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Sunday, March 01, 2009

Pondering the Gift of Vocation

On Matthew’s response to his Vocation. 


“This passage of the Gospel shows us that a vocation is something about which we should be very grateful and happy. If we see it only in terms of renunciation and giving things up, and not as a gift from god and something which will enhance us and redound to others’ benefit, we can easily become depressed, like the rich young man who, not wanting to give up his possessions, went away sad.   Matthew believes in quite the opposite way, as did the Magi who gave much more importance to adoring the new-born God than to all the inconveniences involved in traveling to see him.”

~  Navarre Bible Commentary on Luke 5:27-29 (p. 71)


I read this passage the other day and it took me somewhat by surprise. In considering my own discernment, while I have recognized what a joy it is supposed to be to know one's Vocation, and while I know a Vocation is a gift, I have not often pondered that fact.


I tend to focus on the “negative”, i.e. the “giving up” part. In my current state, that means a lot of practical stuff that HAS to be considered in order to be handled properly.  I’m not a BIT  sad about giving up my house (please, someone TAKE the thing!), I’m not sad about not having a car to myself, or even of getting rid of belongings. I don’t use most of the stuff in my house, but it’s overwhelming, to say the least, to think about HOW to make it all go away! 


 The other facet of the “negative” (a term I’m using rather loosely) has also been the focus on, most recently, the austerity of a community that has come to my attention.  I’ve considered the seeming lack of freedom, even knowing how freeing it would be, truly, if that is where God is calling me for the rest of my days. 


The sad thing, though, is that I’ve not really spent time considering Vocation as a special gift from God.  It may be important to look practically at our lives and what we have to do to say “yes”, for a verbal fiat isn’t enough…that response requires action, and action often requires at least a certain amount of faith that one is doing the right thing.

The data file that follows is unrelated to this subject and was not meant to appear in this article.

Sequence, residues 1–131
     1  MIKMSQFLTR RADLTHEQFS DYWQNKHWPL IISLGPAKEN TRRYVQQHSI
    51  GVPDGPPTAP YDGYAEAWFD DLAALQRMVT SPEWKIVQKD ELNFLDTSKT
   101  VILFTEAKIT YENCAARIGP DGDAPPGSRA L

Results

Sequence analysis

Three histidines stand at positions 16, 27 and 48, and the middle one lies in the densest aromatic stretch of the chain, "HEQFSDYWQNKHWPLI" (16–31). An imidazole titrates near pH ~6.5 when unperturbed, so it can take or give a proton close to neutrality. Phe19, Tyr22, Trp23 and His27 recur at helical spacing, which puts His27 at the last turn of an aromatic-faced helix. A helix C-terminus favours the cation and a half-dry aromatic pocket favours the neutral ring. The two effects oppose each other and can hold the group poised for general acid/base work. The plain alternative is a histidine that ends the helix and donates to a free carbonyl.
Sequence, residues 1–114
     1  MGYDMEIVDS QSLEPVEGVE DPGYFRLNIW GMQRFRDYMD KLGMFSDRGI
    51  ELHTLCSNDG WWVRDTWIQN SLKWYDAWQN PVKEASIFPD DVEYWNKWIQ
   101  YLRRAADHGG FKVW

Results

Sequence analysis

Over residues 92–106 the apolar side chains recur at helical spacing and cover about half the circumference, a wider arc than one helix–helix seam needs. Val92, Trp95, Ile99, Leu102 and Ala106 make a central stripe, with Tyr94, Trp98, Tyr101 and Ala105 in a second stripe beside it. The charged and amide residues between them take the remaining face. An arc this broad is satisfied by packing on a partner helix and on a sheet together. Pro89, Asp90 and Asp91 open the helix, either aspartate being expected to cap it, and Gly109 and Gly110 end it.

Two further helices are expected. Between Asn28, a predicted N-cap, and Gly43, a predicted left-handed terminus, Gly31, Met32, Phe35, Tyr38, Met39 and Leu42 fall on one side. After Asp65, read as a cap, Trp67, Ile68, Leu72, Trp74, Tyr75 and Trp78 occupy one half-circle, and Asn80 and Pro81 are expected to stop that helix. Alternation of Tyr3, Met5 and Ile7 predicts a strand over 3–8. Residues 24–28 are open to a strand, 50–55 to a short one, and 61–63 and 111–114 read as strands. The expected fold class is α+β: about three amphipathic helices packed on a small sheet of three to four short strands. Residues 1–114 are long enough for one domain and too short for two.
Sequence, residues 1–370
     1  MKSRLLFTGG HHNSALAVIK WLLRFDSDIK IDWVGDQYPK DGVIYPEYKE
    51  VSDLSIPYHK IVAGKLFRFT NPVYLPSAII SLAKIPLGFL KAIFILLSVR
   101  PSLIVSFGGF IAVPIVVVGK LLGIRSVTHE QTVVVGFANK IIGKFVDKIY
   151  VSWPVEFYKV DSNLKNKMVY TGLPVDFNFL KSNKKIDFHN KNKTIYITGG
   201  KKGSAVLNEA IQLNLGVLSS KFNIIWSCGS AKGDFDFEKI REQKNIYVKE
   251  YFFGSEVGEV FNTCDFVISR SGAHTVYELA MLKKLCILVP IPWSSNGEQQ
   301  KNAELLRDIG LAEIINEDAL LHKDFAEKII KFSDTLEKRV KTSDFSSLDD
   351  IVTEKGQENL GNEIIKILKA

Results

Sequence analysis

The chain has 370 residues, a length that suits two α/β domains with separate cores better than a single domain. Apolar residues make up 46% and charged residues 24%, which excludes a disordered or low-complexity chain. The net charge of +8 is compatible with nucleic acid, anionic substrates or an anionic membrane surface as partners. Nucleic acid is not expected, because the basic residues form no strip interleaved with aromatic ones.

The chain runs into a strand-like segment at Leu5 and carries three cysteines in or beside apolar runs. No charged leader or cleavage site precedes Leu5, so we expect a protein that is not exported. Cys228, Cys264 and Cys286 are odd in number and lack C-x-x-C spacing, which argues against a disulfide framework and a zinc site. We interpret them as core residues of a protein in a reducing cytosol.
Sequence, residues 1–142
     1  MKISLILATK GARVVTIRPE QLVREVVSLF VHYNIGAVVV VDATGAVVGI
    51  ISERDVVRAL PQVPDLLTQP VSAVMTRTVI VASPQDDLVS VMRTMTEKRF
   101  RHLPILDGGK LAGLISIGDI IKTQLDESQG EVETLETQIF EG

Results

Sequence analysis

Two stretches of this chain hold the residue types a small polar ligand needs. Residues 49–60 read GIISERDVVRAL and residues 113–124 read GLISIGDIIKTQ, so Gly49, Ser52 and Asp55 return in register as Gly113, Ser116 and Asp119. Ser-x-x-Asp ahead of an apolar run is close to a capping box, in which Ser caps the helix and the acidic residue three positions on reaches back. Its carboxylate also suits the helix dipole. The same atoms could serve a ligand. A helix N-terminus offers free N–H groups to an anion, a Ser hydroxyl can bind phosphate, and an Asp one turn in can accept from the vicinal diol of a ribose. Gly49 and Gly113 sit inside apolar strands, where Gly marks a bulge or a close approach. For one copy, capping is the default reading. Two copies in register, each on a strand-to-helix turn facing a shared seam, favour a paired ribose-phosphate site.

Divorced from the understanding of Vocation as a gift, everything else becomes an exercise in randomness, in following rules, in “doing this because I have to” as opposed to the joyful exclamation of, “I’m doing this because I love God so much it’s the only thing I CAN do in response to Him!” 


Ultimately, no matter what Vocation we are called to, (Married, Priesthood, Religious, even Single) we have to see the gift intended for us. We have to see the offering of Christ before us, who has been so generous that He invites us to share in His Divine Life in a very special way, intended specifically for us.  And in our acceptance of that gift, we must recognize the love, the preparation, and yes, the sacrifice that has gone into it.


Finally, when we can see that, we are prompted to do the same in return, for rarely is a gift one-sided.  If God can give Himself so fully to us, what can possibly stop us from offering the full gift of ourselves in return?


Truly, we possess nothing.  As we were reminded on Ash Wednesday, we are dust, and to dust we will return. But now, we have life, and we are called to live life eternally, both body and soul (for even our dust will rise and become glorified).  We are called to allow Christ to live in us and through our very hands, shining from our hearts and souls.